> between "dokeo" and "pisteuo" is interesting. But
                > it's not clear to me that this is really so relevant
                > to our passage.

                ...

                > [T]he versions of Jn 20:8 as preserved by Zacharias
                > and by Pepys do not really imply that BD/John had an
                > incorrect opinion. He believed what Mary said, which
                > was correct, and therefore his opinion was correct.

                Then, let's look at the passage in Pepys again:

                20:5 And then /St. John\ also went in and saw [all
                that], and he believed /that the body had been taken
                away\. 6 For they did not know the scripture that
                said, /So it needs be that Jesus\ must rise from
                /death to life, and enter into his glory\. 7 And so
                they went back home.

                The relevant verse states: "and he believed /that the
                body had been taken away\" -- meaning that he believed
                that Mary Magdalene was correct in thinking that
                "they" (the Roman(?) Jewish(?) authorities) had taken
                the body away. Yet, the verse following shows that
                this opinion is incorrect because it states the
                correction: "For they did not know the scripture that
                said, / So it needs be that Jesus\ must rise from
                /death to life".

                I realize that you must disagree with this
                interpretation since you hold that the earliest strata
                of primitive Christianity held to a purely spiritual
                resurrection -- and you hold that this is reflected in
                John's Gospel.

                I disagree. I don't think that this was the earliest
                Christian view, and I don't think such a view fits
                with John -- Jesus's encounter with Thomas and his
                invitation for Thomas to touch the wound in his side
                strongly supports a belief in a physical resurrection
                even in the 'spiritual' gospel John. (Does Pepys have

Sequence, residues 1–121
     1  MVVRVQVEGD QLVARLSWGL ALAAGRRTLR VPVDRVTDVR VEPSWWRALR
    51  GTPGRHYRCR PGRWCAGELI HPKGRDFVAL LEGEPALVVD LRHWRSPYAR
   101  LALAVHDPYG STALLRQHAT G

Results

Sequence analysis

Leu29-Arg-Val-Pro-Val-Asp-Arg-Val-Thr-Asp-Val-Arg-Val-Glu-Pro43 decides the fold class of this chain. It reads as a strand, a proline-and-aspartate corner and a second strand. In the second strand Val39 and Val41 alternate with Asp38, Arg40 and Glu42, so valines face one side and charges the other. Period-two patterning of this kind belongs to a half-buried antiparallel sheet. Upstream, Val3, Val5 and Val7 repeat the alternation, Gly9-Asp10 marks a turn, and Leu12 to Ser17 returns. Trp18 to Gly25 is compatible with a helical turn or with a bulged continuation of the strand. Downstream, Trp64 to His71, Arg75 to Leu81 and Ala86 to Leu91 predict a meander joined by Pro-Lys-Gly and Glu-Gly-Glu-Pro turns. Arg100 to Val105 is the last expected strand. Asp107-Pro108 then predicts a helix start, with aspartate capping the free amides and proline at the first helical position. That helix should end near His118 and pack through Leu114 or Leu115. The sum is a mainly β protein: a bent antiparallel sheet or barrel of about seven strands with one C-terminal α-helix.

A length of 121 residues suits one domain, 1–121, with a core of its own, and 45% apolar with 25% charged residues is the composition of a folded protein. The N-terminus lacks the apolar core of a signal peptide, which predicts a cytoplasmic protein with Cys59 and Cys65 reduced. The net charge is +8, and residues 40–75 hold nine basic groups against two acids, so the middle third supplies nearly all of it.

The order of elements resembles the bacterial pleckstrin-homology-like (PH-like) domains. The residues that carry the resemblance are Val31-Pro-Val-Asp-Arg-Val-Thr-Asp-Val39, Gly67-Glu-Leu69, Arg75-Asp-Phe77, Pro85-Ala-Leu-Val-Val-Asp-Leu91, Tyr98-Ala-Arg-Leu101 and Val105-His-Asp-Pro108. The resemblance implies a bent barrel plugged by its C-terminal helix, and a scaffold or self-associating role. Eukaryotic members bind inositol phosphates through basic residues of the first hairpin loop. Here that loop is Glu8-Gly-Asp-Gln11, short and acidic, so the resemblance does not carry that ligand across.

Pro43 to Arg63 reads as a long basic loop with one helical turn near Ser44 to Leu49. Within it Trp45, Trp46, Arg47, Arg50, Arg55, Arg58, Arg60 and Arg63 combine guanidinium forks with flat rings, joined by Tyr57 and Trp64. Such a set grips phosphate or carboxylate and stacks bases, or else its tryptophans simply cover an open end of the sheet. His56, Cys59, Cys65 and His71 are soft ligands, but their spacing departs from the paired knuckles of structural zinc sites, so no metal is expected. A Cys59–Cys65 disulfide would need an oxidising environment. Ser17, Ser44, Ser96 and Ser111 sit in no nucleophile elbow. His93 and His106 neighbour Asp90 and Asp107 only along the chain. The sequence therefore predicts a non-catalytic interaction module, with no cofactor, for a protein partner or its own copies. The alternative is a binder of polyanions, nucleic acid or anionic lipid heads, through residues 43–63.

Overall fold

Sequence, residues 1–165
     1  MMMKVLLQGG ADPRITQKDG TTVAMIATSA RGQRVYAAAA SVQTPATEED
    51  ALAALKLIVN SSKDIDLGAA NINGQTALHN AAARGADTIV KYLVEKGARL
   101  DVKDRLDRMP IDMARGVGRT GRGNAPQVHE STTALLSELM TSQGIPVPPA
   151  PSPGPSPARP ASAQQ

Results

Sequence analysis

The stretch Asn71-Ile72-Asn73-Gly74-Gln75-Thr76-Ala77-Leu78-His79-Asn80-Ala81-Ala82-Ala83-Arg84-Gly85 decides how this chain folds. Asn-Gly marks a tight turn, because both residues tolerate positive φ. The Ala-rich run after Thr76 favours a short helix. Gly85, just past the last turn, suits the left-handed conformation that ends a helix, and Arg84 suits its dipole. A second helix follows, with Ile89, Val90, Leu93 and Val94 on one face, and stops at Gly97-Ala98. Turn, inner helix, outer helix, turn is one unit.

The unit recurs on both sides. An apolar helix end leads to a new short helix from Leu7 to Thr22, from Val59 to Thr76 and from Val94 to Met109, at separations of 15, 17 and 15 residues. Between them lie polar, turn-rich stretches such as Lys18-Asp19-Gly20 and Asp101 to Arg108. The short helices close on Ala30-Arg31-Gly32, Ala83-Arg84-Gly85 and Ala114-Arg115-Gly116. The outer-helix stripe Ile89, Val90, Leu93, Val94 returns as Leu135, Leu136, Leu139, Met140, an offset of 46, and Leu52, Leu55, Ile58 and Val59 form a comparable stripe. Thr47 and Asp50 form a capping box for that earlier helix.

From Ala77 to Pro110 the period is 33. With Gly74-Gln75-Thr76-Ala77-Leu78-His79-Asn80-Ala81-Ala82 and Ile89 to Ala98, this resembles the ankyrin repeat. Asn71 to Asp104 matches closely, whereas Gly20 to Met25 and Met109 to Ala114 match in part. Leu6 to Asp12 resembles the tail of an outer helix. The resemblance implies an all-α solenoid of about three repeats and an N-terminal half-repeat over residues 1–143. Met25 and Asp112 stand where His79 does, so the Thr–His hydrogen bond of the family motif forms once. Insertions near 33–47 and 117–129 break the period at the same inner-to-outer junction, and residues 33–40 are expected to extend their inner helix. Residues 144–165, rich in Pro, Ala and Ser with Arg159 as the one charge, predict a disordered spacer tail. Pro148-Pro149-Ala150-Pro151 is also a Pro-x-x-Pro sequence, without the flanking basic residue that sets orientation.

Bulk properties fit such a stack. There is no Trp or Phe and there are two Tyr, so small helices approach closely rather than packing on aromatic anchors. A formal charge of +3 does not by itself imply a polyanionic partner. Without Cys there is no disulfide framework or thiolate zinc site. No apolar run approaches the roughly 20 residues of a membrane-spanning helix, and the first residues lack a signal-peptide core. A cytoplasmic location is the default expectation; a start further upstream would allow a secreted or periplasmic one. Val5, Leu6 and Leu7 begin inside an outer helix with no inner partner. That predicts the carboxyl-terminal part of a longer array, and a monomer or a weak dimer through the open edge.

this encounter?)

                Perhaps we just have to differ on this.

                Thank you for referring me to your post on "Saint".
                Actually, I had managed to find it yesterday, and I
                have read it, and here is my response (which I tried
                to post yesterday but couldn't due to server
                problems):

                Yuri,

                I looked at the archives and found your post on
                "Saint". I am sure that I didn't read it, and I am
                guessing that it somehow didn't reach my server -- I'm
                fairly sure that I didn't delete it without reading it
                (though I cannot entirely exclude the possibility).

                Anyway, let me respond (belatedly) to your post:

                -------------------------------------------------------

                From:��Yuri Kuchinsky <yuku@t...>
                Date:� Mon�Jul�23,�2001� 3:11 pm
                Subject:� Re: [John_Lit] Beloved Disciple passages in
                ms Pepys

                On Sun, 22 Jul 2001, Horace Jeffery Hodges wrote:

                > Yuri Kuchinsky posted:
                >
                > > St. John the evangelist leaned [close] to Jesus,
                > > and laid his head in his\ bosom. 36 And St. Peter
                > > /made a sign\ ...
                >
                > > The use of "John the evangelist" is quite
                > > interesting in this passage.
                >
                > What seems more interesting to me is the use of
                > "Saint" to designate John and Peter. This
                designation
                > for Peter (let alone John) does not otherwise occur
                > in the gospels so far as I am aware (excluding this
                > Pepys edition of John).
                >
                > "Saint" is a term applied somewhat later in the